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Page 3


March/April 2020

LJ Today Page 3

‘It has been a real privilege to lead a group of such principled and committed people’ Rabbi Danny Rich on his time as Liberal Judaism’s senior rabbi and chief executive MY DECISION to step down after 15 years as senior rabbi and chief executive of Liberal Judaism is inevitably a moment both to reflect on the past and consider the future. Some of this will take place more immediately and much will happen both to me and to Liberal Judaism in the longer term. I am a third generation English Liberal Jew. My earliest traceable ancestor arrived in England from Amsterdam in 1760, although my paternal great grandfather and my mother’s parents hailed from the Polish part of the AustroHungarian Empire, escaping poverty and antisemitism in the middle of the 19th and first decade of the 20th centuries. My grandparents on both sides were early members of South London Liberal Synagogue (SLLS). My formal education was at The Liberal Jewish Synagogue (LJS) - where I was confirmed under Rabbis John Rayner and David Goldberg in 1978 - although SLLS always remained my ‘home’ shul. Thus since birth I have, in truth, only known Liberal Judaism. It is a way of life to which I was committed as an undergraduate at Manchester University – serving as chair of Progressive Jewish Students and lay minister to Leicester Progressive Jewish Congregation – and to which I have dedicated my professional undertakings: first as the congregational rabbi to Kingston Liberal Synagogue for the best part of two decades and latterly at the Montagu Centre. Liberal Judaism, as I understand it, seeks to bring the best of Jewish values and experience to the complications of contemporary living. The genuine Liberal Jewish voice adds its contribution – and attempts to marshal its forces – to enable Jews and others to respond to the challenges of modernity, without seeking popularity or comfort but focused on what is ethical, logical and universal… with a Jewish flavour. I could cite many highlights of Liberal Judaism’s radical campaigning in the last 15 years but two in particular evoke pride. In partnership with Citizens UK, Liberal Judaism was the pioneering voice seeking to offer refuge in the United Kingdom to those fleeing the Syrian civil war. The simple symbol of my sukkah, erected outside the library in Windrush Square, Lambeth and elsewhere, led indirectly to Government initiatives and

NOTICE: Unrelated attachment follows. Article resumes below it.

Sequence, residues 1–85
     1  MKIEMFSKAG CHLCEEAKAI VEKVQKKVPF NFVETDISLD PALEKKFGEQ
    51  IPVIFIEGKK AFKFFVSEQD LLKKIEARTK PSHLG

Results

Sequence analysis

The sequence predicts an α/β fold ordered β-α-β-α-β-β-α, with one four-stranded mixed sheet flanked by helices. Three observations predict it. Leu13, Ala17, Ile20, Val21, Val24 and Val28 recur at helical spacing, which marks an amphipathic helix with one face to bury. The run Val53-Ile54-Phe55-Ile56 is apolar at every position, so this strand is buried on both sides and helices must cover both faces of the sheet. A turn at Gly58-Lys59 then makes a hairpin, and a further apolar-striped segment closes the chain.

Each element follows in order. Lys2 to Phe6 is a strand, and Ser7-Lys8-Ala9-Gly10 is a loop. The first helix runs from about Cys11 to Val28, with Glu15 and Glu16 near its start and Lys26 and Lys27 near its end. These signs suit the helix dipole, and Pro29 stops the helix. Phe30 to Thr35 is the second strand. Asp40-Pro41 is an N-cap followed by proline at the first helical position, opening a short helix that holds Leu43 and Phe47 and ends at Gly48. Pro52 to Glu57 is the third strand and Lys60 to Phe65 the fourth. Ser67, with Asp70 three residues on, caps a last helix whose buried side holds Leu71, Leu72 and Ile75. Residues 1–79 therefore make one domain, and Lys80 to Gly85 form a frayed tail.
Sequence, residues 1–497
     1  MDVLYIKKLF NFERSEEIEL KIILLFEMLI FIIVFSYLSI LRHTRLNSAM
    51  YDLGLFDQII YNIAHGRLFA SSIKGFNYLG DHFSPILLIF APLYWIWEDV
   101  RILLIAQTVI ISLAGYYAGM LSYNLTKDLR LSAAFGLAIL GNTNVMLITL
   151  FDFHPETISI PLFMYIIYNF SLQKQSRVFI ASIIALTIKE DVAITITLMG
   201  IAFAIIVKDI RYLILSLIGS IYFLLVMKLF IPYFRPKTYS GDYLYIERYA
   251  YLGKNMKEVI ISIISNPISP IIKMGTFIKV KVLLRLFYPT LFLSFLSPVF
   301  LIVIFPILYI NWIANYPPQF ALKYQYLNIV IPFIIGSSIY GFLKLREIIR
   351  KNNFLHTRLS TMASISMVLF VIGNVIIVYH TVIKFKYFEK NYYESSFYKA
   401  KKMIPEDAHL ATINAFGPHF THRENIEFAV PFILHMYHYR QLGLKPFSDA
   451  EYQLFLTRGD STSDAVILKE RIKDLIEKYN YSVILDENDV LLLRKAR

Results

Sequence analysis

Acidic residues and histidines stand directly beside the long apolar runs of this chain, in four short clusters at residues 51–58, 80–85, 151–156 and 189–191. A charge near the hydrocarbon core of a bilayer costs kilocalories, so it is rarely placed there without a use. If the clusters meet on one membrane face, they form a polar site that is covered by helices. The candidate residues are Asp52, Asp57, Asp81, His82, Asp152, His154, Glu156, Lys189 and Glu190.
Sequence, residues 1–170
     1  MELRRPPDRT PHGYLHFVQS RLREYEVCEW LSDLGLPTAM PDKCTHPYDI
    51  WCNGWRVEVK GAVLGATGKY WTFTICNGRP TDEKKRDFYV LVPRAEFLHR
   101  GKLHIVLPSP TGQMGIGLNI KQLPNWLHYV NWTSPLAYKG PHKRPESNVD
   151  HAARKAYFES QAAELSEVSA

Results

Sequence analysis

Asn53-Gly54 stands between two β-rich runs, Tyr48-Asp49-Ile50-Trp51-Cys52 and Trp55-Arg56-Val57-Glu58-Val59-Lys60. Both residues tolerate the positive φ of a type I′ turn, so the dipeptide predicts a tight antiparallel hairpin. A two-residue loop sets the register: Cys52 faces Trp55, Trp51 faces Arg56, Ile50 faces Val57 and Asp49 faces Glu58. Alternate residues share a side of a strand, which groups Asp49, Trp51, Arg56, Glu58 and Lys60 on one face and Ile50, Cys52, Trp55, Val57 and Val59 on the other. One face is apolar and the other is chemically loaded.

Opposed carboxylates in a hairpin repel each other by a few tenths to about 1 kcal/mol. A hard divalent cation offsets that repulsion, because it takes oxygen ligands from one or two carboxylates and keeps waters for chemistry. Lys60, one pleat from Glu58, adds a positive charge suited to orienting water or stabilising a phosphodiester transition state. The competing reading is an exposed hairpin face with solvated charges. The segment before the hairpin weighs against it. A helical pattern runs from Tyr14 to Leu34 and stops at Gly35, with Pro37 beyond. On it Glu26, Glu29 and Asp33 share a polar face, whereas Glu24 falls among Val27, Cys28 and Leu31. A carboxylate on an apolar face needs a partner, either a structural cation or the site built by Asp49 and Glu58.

Rabbi Danny Rich with some of the Progressive student rabbis he has mentored over the years

the Community Sponsorship scheme such that some 15,000 Syrian refugees have found a haven in the United Kingdom, including a Muslim family now housed in a former caretaker’s flat within the premises of SLLS. Liberal Judaism has long advocated the dignity and equality of each individual, and it still seems thrillingly remarkable to me that I was the only religious Jew who gave evidence to the Select Committee of Parliament in favour of legislation which was to lead to equal marriage for persons of the same gender in England and Wales. What any individual or group achieves is rarely done alone, and, on my appointment, I was determined that Liberal Judaism should play as full a role as possible in the activities of the Jewish community, in the multi-faith religious world and indeed in the wider society. Liberal Judaism’s achievement as the first central religious body to introduce the Living Wage, its lead role in ‘Caring for Carers’ and its participation in the National Council of Imams and Rabbis are powerful examples of the cooperative and constructive partnerships which Liberal Judaism has been able to build – without compromising its core values. As are its partnerships with the Jewish Council for Racial Equality (JCORE) and Jami: the mental health service for the Jewish community. Liberal Judaism – in common with many other expressions of Judaism and other philosophies of life – is, in my view, a jewel which was bequeathed to me by my ancestors and which I am content to share with those who might find meaning through our beliefs and practices.

Whilst it is not possible to establish a Liberal Jewish community in every place where an individual might desire it, modern technology and the resourcing of small communities has enabled people – some Jewish, some Jew-ish and some with no Jewish background (and all regardless of family organisation, sexuality or financial resources) - to become part of an inclusive, nonjudgemental Liberal Jewish movement. Not only does Liberal Judaism now include a community in Copenhagen, which joins that in Edinburgh and Dublin, but, during my tenure, viable communities have formed in York, Crouch End, Wessex and elsewhere. As I reflect on the last 15 years, I am grateful for having had the privilege to lead a group of such principled and committed rabbinic and lay, professional and unpaid partners. I think particularly of the ‘supervisors’ (as they were then called) during my 15 years as the director of Kadimah Summer Camp, of numerous Liberal Judaism staff who give so much, and of the three chairs and one acting chair – Nigel Cole, Lucian Hudson, Simon Benscher and Ruth Seager – under whom I served. I have immediate responsibilities to the patients at Kingston Hospital where I am the Jewish chaplain, and to the residents of West Finchley in the London Borough of Barnet where I am an elected Labour Councillor until at least May 2022. But, as I face new opportunities, I pledge to continue in a different guise to promulgate a value-led expression of Judaism which is conscious of its ancient and recent past, courageous in its present, and confident in its future.

Profile for Liberal Judaism

LJ Today Mar/Apr 2020  

LJ Today Mar/Apr 2020